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The 2021 Berrien Springs Pickle Festival is officially in the books, and by all accounts, it was a dill-lightful day! Here’s a recap of all the events, places and especially people who made the event such a success…and one that will definitely be repeated next year.

The Games And Festivities

Young Flinger In The Pickle Toss – Photo Credit John Moga

Games and festivities were a highlight of the 2021 Pickle Festival, with pickle-lovers young and old getting into the spirit. “About 80 people took part in the pickle fling, and they threw about 100 pounds of pickles,” says Kelly Ewalt, Community Development Director for the Village of Berrien Springs.

Ewalt notes that 18 kids took part in the big wheel race, and that pickle decorating at the library was particularly popular, with about two bushels of cucumbers being transformed into works of pickle art. And the tasting room – featuring everything from pickled vegetables and pickled eggs to pickled popcorn and even pickled cotton candy – was so popular that “we had to close at noon because we ran out of food,” Ewalt shares.

Cleaning up the streets after the pickle toss: a big dill. Photo Credit: John Moga

The Sponsors And Vendors

13 sponsors came out of the community to help bring this event to life, and 34 vendors displayed their talents and wares. “We never thought we’d have that many the first year back,” says Ewalt, noting that the group included everything from food vendors to a blacksmith, arts and crafts, axe throwing, and community organizations that set up booths on the courthouse grounds.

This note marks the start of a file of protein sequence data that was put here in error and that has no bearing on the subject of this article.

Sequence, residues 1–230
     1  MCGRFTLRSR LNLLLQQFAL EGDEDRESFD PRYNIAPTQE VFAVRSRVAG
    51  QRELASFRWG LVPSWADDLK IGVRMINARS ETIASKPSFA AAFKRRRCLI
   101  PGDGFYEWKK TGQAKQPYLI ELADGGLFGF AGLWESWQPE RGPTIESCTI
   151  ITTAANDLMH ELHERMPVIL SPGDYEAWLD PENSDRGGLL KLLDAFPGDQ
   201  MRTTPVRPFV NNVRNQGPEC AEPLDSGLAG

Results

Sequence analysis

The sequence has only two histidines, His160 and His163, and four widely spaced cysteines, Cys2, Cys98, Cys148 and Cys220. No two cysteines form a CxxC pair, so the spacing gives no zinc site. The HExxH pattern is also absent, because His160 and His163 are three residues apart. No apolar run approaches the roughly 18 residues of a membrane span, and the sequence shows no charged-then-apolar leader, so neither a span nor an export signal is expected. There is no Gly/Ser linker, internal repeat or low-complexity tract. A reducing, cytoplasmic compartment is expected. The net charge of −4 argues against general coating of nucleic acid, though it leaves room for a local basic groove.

The People

Village President Jesse Hibler got into the pickle spirit. Photo Credit: John Moga

While pickles were a big star of the 2021 Pickle Festival, it couldn’t have happened without the people.

An estimated 1000-2000 people showed up to take part in the festivities, from all over the Midwest. “There were four or five states represented in the festival attendees,” Ewalt says, with people from Lansing, South Bend, Terra Haute, and Chicago in the crowd. “Overall, I couldn’t believe how many people showed up – at one point I looked around and thought, holy moly, there are so many people here!” Another group of people who made a big impact: volunteers. “We had more than 20 people who helped us – they were a huge part of this event,” says Ewalt.

Grand Dillmeister, Marty Rudlaff. Photo Credit: John Moga

Looking Forward To 2021

“Starting with the pancake breakfast put on by the Fire Department, moving into the festival, and then heading into the Fourth of July parade – it was just a really good day to be in Berrien Springs,” Ewalt says. While last-minute changes to Covid-related restrictions made planning a challenge in 2021, Ewalt and the rest of the planning committee expect smoother sailing next year – and have already locked in the date: July 4. That gives you plenty of time to put that date on your calendar, practice your pickle-tossing skills, and perhaps purchase a pickle costume to rival the Village President’s.